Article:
Unexpected Effects of Aurin Tricarboxylic Acid on Human Platelets Academic Article uri icon

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abstract

  • SummaryAurin tricarboxylic acid (ATA) is a potent inhibitor of ristocetin-mediated platelet agglutination and of shear-induced, von Willebrand factor (vWf)-mediated platelet aggregation, probably via inhibition of vWf interaction with glycoprotein Ib (GPIb). We examined the effects of ATA (both the sodium salt and a solution of ATA in ethanol) on platelet functions in citrated plasma (PRP) and in suspensions of washed platelets in Tyrode-albumin solution (contains 2 mM Ca2+). ATA (42–211 µg/ml) blocked aggregation and release of granule contents induced by thrombin (0.15 U/ml in PRP; 0.03 U/ml in platelet suspension). Responses to higher concentrations of thrombin were not inhibited. ATA also prolonged thrombin-induced clotting of fibrinogen. Since ATA had no effect on fibrinogen-induced responses of chymotrypsin-treated platelets, ATA probably acts on thrombin rather than on fibrinogen.In PRP and platelet suspensions, ATA (acid form 106 µg/ml; sodium salt 122 µg/ml) had little effect on ADP-induced platelet aggregation. The sodium salt of ATA (61–122 µg/ml) enhanced collagen-induced aggregation and release by platelets in citrated plasma and by washed platelets; the enhancement was extensively inhibited by aspirin. With platelet suspensions, ATA significantly enhanced aggregation and release caused by low concentrations of sodium arachidonate (15–50 µM); aggregation and release caused by higher concentrations of arachidonate were somewhat inhibited by ATA. Arachidonate-induced aggregation and release were also enhanced by ATA in PRP. ATA enhanced aggregation and release induced by the calcium ionophore A23187; aspirin had little effect on the enhancement. ATA also enhanced aggregation and release caused by the thromboxane A2 mimetic, U46619 (0.1–.4 µM) or platelet-activating factor (PAF) (5 ng/ ml), but enhancement was never as extensive as when these platelet responses were caused by arachidonate or A23187; aspirin partially inhibited these enhancements. Thus, although ATA may interfere with the interaction of GPIb with large vWf multimers and inhibit the activity of thrombin, thereby having antithrombotic properties, it has potentiating effects on some other agonists; these effects should be considered if it is used as an antithrombotic agent.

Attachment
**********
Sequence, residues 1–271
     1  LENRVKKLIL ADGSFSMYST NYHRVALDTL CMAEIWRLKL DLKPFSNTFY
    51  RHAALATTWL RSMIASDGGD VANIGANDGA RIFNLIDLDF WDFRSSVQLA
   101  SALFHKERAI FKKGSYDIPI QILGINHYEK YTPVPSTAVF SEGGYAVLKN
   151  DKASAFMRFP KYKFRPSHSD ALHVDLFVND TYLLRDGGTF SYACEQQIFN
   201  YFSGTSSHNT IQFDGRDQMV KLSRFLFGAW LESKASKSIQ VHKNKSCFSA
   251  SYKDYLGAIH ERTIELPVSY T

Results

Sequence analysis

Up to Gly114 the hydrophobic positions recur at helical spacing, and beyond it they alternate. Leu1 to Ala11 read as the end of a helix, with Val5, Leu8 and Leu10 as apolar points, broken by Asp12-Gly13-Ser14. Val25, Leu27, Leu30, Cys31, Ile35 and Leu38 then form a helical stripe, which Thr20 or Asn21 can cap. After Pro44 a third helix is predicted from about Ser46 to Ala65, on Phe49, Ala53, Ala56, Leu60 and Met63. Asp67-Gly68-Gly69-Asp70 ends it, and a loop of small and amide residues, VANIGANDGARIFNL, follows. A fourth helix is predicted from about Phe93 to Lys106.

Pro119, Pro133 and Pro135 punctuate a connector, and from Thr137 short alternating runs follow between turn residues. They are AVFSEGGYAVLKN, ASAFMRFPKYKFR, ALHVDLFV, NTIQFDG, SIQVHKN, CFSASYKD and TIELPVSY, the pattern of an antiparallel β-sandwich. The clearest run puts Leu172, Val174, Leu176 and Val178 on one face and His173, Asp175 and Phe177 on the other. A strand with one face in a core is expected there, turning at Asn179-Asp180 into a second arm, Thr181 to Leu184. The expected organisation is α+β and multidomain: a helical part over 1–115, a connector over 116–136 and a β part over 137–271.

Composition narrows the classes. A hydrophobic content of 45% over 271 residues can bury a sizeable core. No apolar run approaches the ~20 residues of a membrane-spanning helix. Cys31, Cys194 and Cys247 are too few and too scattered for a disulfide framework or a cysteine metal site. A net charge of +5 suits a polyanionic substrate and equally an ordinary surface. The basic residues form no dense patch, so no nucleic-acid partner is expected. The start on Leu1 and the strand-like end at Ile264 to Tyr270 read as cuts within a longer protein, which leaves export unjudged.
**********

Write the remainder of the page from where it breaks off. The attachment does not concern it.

publication date

  • 1992